The team is relying heavily on Serhiy Honchar here for a good performance; he is their only big name here. A top twenty finish in Paris is possible but it is asking a lot. In addition to having raced the Giro - finishing sixth - fatigue is harder to overcome with age and at 35, the Ukrainian isn’t getting any younger. Despite having lost a bit of power in recent years, he should still be a top-ten candidate for the time-trials - which remain his main discipline - churning that huge gear. In the mountains, he will always be limiting losses to the sprightly mountain goats.
A couple of years ago, Angelo Furlan was being touted as the next Cipollini after several fine performances in Vuelta sprints, ultimately culminating in two last-week stage victories. However, since then, he hasn’t come close to that form with just one win and two Giro stage third places in nearly three years. More worryingly for the Tour, he has looked particularly out of touch in the sprints this season. While the twenty-eight year old is potentially capable of good things, the best he can hope for is a top-five in the sprints and, at the moment, even that looks past him.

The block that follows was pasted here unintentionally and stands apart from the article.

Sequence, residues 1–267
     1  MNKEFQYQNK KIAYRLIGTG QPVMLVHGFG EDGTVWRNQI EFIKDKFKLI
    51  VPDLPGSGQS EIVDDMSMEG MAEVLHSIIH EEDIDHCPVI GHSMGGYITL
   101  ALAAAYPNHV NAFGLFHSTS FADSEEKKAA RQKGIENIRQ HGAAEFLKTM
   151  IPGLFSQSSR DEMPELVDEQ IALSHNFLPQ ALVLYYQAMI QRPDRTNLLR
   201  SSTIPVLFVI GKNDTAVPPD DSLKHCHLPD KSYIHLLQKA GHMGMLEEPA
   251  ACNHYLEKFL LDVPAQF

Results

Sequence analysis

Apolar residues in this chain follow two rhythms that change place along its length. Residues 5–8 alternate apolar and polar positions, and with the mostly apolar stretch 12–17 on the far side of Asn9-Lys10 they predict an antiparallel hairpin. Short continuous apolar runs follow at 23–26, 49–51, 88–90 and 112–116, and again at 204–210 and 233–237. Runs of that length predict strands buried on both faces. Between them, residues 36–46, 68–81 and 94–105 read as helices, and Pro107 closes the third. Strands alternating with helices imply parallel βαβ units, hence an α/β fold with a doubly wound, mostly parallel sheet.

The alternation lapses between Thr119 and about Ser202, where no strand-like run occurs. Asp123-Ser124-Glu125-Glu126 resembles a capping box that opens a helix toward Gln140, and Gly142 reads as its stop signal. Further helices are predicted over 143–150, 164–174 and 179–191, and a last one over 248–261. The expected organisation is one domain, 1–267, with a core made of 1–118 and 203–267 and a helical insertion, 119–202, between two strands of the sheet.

Another rider blessed with a good turn of speed in the finishing straight is veteran Alessandro Bertolini, easily the old man of the Domina Vacanze team with eleven years of experience in the professional leagues to count on. Not too leaden in the mountains either, don’t rule this man out if he gets in “the” (likely) break of the first week or in a transition stage.